Essentially, I determined that optimizing the economy spudgun is kindof silly... I conclude that, if the point is to get someone excited about spudding, the gun should be:

1) Really cheap.
2) Leave leftover material that can be used in later guns

I propose the following:
* 2" chamber, 6" long - easy mixing, venting, easy to acquire pressure rated pipe and fittings in this diameter, leaves 9' 6" of potential barrel for other guns
* 1.5" barrel, 12" long - leaves an ultraportable 18" over-all-length, good barrel material, cheap and available.

Yeah, muzzle velocity stinks: perhaps 140 fps with a 50 gram potato (32 foot-pounds energy), but it's still enough energy to be interesting. Range will be a good deal farther than just about anyone can throw something.

Furthermore, it's cheap and easy to assemble:
Cost is perhaps 14$ of PVC, most of which isn't used (plus 4$ meter?)
2" fittings are easy to glue

**********

A slightly larger (3" chamber, 2" barrel) model could be built... but 3" pressure fittings are moderately hard to find locally, harder to glue, and the performance still ain't that great.

I think that if one is going to spend the money on a 3 or 4" chamber, one should include a fan... otherwise you can't make it big enough to justify ordering the expensive 4" fittings.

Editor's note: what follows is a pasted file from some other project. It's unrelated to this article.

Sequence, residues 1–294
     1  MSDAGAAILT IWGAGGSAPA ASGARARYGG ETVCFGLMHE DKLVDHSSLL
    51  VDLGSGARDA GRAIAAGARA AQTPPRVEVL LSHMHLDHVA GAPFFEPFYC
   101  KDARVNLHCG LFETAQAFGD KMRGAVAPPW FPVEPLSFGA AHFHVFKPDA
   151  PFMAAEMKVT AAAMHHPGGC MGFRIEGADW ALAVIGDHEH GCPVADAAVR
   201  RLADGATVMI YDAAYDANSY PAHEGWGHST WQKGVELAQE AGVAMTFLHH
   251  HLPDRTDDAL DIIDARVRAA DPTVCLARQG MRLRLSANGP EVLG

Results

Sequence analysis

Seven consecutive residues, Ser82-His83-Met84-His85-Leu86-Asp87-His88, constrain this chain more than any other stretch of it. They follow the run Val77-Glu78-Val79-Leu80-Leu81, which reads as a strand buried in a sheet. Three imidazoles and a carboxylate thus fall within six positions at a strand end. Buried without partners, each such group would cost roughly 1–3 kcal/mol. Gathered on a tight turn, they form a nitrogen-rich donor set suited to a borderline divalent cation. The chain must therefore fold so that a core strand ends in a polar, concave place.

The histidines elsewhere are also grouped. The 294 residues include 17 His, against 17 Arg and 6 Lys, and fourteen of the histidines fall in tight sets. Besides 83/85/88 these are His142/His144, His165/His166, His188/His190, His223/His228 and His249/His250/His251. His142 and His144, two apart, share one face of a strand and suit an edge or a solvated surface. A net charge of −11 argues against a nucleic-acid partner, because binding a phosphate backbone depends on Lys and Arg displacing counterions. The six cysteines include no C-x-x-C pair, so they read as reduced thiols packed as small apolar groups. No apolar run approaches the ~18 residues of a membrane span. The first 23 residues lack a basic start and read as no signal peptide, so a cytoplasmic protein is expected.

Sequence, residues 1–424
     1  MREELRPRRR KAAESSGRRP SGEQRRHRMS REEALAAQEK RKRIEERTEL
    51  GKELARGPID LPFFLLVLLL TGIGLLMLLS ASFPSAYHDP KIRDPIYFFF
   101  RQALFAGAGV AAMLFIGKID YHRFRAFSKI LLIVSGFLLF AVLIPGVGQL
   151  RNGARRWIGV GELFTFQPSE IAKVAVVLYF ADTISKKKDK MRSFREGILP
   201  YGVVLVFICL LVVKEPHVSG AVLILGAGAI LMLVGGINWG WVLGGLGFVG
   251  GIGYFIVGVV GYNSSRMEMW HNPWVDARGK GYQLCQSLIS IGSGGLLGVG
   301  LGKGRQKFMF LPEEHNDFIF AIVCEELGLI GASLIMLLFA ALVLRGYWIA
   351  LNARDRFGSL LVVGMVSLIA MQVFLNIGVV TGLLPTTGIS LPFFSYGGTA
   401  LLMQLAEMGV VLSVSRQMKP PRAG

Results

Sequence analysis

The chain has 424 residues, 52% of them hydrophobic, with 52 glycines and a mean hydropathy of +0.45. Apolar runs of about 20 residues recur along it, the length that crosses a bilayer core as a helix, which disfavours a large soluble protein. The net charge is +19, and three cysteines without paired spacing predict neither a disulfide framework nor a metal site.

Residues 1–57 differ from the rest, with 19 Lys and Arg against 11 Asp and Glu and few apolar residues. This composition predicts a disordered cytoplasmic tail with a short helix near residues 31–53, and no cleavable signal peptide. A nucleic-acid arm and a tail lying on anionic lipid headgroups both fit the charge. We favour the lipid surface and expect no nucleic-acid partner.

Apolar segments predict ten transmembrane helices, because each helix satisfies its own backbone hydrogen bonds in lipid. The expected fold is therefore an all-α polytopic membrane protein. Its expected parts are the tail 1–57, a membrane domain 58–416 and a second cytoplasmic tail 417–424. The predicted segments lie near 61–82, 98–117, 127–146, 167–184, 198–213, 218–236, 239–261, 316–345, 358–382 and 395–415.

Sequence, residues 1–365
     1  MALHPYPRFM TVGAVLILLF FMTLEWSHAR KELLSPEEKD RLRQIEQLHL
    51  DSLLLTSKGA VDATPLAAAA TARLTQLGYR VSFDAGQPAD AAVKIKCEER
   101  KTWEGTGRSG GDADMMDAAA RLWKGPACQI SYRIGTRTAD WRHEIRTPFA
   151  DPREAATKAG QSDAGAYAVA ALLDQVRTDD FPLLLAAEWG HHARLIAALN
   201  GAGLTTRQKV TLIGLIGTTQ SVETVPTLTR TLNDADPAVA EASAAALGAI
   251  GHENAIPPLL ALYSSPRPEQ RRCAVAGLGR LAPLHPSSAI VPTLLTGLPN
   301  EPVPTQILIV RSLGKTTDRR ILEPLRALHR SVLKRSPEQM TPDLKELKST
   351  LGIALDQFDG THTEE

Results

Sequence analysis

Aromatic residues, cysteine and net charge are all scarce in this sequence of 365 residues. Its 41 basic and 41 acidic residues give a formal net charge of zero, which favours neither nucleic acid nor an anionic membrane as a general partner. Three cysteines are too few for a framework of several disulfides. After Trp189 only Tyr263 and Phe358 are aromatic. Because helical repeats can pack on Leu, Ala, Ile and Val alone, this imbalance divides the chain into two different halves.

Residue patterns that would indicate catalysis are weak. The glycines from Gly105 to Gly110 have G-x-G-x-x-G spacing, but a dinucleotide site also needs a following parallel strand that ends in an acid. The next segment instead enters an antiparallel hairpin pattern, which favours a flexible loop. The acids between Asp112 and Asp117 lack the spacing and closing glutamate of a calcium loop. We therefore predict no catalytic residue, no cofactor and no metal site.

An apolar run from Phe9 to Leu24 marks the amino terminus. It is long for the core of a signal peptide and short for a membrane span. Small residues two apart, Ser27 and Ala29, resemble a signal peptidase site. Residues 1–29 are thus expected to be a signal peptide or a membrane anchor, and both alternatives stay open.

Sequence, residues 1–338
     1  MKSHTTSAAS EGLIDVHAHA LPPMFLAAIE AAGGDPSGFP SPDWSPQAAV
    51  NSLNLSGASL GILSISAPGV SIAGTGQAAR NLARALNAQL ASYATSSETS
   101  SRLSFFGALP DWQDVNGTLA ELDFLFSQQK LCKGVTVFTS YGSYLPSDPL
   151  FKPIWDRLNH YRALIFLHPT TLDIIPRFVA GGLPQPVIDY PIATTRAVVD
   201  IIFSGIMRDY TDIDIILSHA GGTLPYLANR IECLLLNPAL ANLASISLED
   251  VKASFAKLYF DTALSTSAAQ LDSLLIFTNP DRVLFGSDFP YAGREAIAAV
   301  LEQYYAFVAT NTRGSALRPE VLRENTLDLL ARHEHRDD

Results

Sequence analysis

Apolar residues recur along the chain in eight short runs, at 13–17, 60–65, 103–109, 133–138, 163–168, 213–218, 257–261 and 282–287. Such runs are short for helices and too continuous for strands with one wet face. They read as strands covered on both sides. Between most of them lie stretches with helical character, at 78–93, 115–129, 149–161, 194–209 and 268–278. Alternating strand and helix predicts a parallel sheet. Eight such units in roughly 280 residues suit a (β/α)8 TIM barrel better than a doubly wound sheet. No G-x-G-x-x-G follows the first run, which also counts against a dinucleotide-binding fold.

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Unread postAuthor: BigGrib » Sat Mar 29, 2008 5:50 am

Biggrib's sarcastic comments were funny and over the top but right on. I would much rather see you working on perfecting your carbureted gasoline fueling system/cannon. Your fertile mind is going to waste on this penny-annie endeavor.


Dude Starman, I didn't even read that post of yours when I apologized to rcman. I just read it and laughed my ass off.
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Yea, that's definitely going to get you at least a tazer.

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Unread postAuthor: starman » Sat Mar 29, 2008 8:46 am

BigGrib wrote:
Biggrib's sarcastic comments were funny and over the top but right on. I would much rather see you working on perfecting your carbureted gasoline fueling system/cannon. Your fertile mind is going to waste on this penny-annie endeavor.


Dude Starman, I didn't even read that post of yours when I apologized to rcman. I just read it and laughed my ass off.


Your stuff was funny too. I just hope rcman moves on to something more worthy of his ingenuity.